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BIO 108 Week 3

by: Taylor Notetaker

BIO 108 Week 3 BSC 108

Taylor Notetaker
Troy University
GPA 3.8

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About this Document

The rest of chapter 2 and most of chapter 3
Introductory Biology for Non Majors
christine yates
Class Notes
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This 5 page Class Notes was uploaded by Taylor Notetaker on Sunday January 31, 2016. The Class Notes belongs to BSC 108 at University of Alabama - Tuscaloosa taught by christine yates in Spring 2016. Since its upload, it has received 16 views. For similar materials see Introductory Biology for Non Majors in Biology at University of Alabama - Tuscaloosa.


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Date Created: 01/31/16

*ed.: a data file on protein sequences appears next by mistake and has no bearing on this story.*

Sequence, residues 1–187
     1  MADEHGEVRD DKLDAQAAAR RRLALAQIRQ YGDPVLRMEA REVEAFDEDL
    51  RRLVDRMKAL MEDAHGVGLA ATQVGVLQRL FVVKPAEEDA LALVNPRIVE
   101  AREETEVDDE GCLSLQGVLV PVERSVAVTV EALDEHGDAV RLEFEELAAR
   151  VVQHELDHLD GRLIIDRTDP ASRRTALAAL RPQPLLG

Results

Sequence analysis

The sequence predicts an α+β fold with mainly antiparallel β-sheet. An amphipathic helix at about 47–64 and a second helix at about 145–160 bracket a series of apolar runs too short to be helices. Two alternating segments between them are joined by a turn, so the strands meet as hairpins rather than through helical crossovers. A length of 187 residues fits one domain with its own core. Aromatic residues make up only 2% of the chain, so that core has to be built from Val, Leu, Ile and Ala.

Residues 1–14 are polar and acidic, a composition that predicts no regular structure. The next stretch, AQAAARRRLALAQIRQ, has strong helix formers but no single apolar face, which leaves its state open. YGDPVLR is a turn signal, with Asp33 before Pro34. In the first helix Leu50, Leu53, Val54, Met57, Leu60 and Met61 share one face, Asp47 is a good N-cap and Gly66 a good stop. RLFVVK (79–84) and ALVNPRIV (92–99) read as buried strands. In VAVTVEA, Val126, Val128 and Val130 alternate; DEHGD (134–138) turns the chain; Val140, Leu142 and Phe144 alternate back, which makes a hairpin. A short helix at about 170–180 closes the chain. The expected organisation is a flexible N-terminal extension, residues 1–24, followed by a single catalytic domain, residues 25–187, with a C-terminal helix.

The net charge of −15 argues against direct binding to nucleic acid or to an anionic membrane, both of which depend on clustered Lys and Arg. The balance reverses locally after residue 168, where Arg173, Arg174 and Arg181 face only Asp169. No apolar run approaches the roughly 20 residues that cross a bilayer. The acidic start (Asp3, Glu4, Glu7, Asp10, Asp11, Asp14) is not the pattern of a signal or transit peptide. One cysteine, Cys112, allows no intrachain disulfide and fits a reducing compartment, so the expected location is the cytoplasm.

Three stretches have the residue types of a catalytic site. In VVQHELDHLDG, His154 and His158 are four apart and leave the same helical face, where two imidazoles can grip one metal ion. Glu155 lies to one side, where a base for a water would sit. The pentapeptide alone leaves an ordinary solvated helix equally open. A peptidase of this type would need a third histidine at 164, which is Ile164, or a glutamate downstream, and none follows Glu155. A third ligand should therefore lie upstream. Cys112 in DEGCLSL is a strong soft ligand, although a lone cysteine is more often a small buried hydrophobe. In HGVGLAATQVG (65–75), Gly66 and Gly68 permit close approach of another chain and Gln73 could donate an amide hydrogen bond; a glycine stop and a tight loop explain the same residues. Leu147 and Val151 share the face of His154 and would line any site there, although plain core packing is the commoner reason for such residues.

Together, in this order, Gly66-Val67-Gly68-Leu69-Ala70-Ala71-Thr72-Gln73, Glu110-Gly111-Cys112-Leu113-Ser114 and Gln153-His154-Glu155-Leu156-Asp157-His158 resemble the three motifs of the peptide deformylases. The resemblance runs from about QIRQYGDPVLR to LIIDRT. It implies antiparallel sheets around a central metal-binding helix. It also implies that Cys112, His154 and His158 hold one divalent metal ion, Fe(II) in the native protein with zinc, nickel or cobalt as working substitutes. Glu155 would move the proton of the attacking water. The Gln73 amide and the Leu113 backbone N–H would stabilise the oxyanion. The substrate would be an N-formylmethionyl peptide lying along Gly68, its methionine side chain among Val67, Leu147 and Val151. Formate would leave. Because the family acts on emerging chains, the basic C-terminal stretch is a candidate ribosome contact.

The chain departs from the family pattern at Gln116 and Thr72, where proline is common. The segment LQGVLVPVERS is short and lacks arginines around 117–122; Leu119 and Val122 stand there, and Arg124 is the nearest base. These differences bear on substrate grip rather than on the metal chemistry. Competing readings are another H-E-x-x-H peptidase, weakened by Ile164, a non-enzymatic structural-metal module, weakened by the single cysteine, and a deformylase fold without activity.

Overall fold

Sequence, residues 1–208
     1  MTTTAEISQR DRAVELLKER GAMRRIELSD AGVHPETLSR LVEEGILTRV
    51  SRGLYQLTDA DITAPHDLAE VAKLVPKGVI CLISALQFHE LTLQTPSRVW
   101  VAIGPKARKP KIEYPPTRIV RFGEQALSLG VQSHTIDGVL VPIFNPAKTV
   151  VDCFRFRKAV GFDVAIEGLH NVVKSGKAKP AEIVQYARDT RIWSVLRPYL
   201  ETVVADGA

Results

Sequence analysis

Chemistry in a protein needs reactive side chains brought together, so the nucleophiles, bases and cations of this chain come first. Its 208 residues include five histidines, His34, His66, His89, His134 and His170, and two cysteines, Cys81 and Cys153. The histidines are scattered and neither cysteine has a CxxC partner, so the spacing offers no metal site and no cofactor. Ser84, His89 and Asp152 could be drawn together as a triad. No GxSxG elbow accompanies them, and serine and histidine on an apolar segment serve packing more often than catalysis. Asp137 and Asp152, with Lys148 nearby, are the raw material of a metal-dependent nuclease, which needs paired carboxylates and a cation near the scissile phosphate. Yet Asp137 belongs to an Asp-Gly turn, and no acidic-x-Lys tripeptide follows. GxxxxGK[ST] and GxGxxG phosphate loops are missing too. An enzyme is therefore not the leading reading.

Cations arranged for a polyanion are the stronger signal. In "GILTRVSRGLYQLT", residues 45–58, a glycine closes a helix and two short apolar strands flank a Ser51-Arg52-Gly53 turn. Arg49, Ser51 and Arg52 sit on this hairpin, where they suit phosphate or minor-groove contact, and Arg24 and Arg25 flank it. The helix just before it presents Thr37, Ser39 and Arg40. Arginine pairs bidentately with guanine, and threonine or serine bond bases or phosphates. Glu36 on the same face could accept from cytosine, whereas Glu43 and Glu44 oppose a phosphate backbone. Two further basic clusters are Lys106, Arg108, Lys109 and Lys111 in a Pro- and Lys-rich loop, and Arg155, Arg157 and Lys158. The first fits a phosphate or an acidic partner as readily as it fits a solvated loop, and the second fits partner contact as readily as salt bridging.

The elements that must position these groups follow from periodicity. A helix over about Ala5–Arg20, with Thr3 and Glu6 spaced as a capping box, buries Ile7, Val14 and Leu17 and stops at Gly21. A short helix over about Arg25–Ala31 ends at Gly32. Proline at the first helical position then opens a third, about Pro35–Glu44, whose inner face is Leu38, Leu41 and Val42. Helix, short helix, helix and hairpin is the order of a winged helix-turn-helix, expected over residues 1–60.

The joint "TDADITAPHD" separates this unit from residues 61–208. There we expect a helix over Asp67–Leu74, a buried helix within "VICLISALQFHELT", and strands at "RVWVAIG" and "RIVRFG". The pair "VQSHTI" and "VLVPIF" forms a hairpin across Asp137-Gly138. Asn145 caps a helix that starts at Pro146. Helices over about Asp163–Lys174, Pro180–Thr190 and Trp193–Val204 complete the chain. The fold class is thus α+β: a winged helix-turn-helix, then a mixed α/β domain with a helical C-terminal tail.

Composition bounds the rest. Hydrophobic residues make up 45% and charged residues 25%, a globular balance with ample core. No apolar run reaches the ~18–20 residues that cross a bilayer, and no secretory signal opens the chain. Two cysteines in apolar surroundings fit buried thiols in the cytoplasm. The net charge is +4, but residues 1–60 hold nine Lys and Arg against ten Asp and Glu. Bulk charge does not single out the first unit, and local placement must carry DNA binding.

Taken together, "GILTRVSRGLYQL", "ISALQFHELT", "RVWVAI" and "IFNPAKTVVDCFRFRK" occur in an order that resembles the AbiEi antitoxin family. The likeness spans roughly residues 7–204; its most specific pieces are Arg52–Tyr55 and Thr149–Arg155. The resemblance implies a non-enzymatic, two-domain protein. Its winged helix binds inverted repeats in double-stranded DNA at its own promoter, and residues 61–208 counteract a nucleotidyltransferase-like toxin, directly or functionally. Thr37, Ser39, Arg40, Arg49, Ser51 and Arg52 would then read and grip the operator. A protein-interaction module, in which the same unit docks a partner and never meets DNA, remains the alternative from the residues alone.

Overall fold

Chapter 2 (Continued)  Properties of Water 6. Not everything will dissolve in water ● Only ionic and polar substances dissolve in water ● Hydrophilic­ water loving (polar) ● Hydrophobic­ nonpolar substance and will not dissolve in water (ex. oils and  fats) 7. Water can Ionize  ● If [H+] > [OH­] = acid  ● IF [H+] <[OH­] = base  PH Scale  ● 0­6 is an acid (has more H) ● 7 is neutral (has equal the amount of H and OH) ● 8­14 is basic (has more OH) Changes in PH of the body fluids can affect 1. How molecules are transported across the membrane 2. How fast chemical reactions take place  3. Change the shape of proteins  8. Acid Rain  ● SO3 and NO2 dissolve in water to form sulfuric and nitric acid causing acid rain.  Effects:  1. Lowers PH of lakes,streams, and soils, killing organisms directly  2. Dissolves toxic metals for example aluminum which contaminate water systems,  killing organisms indirectly.  Chapter 3  Carbon can build Macromolecules  1. Carbohydrates  2. Lipids 3. Proteins  4. Nucleic Acids  Monomer­ a single subunit Polymer­ a large molecule made from many similar small molecules called subunits or  monomers  Dehydration/ Condensation Synthesis of Molecules  ● The removal of water to make polymers  ● A bond forms between 2 monomers  ● 2 molecules are covalently bonded to each other through loss of water molecules ● One molecule provides the hydroxyl (OH) and the other provides the hydrogen  (H)  Hydrolysis Reaction ● Breaking a polymer chain  ● Needs water to break the chain of monomers  A hydrogen from water attaches to one monomer and a hydroxyl attaches to the adjacent  monomer  Carbohydrates  ● Subunits are sugars also known as saccharides  ● Polymers are polysaccharides  ● Store Energy (in animals it’s called glycogen, in plants it’s called starch)  ● Contains carbon, hydrogen, and oxygen in a 2:1 ratio  Function of Sugars  1. Provide energy (ready to be broken down to release energy) 2. Provide structure  Monosaccharides  ● Simple sugars ex) glucose­ found in most drinks like soft drinks or sports drinks ,  fructose­ found in fruits, and honey which contains both glucose and fructose  ● They are the main fuel that cells use for cellular work  Disaccharides  ● Double sugar, joined by the process of dehydration synthesis  ● Glucose + Glucose=Maltose  Lactose  ● Glucose+Galactose=Lactose  ● A disaccharide  ● Lactose intolerance­ people with this do not produce enough of the enzyme  lactase (lactase is what breaks down lactose) this is not a milk allergy  ● Lactose intolerance can be managed by ingesting Lactose in a pill form or by  eating lactose free foods.  Sucrose  ● Glucose + Fructose= Sucrose  ● A disaccharide  ● Extracted from sugar cane and the roots of sugar beets  ● Common table salt  High Fructose Corn Syrup  ● Approximately 55% Fructose and 42% Glucose  Polysaccharides  ● Complex carbohydrates  ● Long chains of sugar units  Lipids (Fats) ● Complex group of molecules  ● Hydrophobic ( hates water) Types of Lipids  1. Triglycerides  2. Phospholipids  3. Steroids  Triglycerides  ● Composed of glycerol and fatty acids   ● Glycerol­ hydroxyl functional groups  ● Fatty acids­ long chains of C & H about (14­22) chains long with a carboxyl group at the end  Functions of Triglycerides  ● Energy storage­ has a higher amount of energy than carbohydrates  ● Insulation of warm blooded animals  ● Cushions internal organs  Fatty Acids  ● Saturated­ no double bonds, solid at room temperature, and comes from animal  fat  ● Unsaturated­ contains 1 or more double bond, liquid at room temperature, comes from plants  Healthy Fat ● Omega­3 fatty acid ( comes from nuts, and fish oil) Why do we make trans fats?  1. To increase shelf life of foods, making them last longer. 2. People like eating foods with the creamy and thick texture of soild fats  3. Plant fat is very inexpensive to work with  Phospholipids  1. Similar to neutral fats (they compositie molecules)  2. Contain glycerol, 2 fatty acids, and PO4 3. Some molecules associate with water ( the head) and someone do not (the tail) 4. Phospholipid bilayers of your cell form structures of most biological  membranes  Steroid Functions  1. Stabilize membrane (cholesterol) 2. Chemical messenger ( sex hormones) Synthetic anabolic steroids  ● They are variants of testosterone  ● Can and do pose serious health risks  Major Types of Proteins  1. Structural Proteins  2. Storage Proteins  3. Contractile Proteins  4. Transport Proteins  5. Enzymes  The Monomers of Proteins : Amino Acids  ● All proteins are constructed from a set of 20 kinds of amino acids  ● Each amino acid consists of 4 covalent partners and of those only 3 attachment  groups are common to all amino acids  Amino Acids link to form Protein Polymers  ● Joined together by dehydration synthesis  ● The carboxyl group of amino acids is joined to the amino group of another  ● The result is a peptide bond  ● Process is repeated to get a polypeptide as the result  Every Amino Acid is important  ● A change can affect protein configuartion (shape of the protein) and cause a  malfunction of the protein for ex) sickle cell anemia leads to different amino acid of the  hemoglobin polypeptide  Protein Conformation (Shape) ● Form 3­D shape (important for how they function) 4 levels of protein structure  1. Primary structure (looks like pearls on a chain) 2. Secondary structure ( looks like a folding piece of paper) 3. Tertiary structure­ (looks like shoe laces bunched up) 4. Quaternary  structure­  Mad Cow Disease  ● A prion disease  ● Prion ­ a misfolded protein  ● The infectious and normal forms do not differ in sequence only in shape  What determines Protein shape  ● Unfavorable temperature and PH changes can cause “denaturation” of a protein  in which it unravels and loses its shape/ function ● This can result in Alzheimer's, Parkinson's, or Mad Cow Disease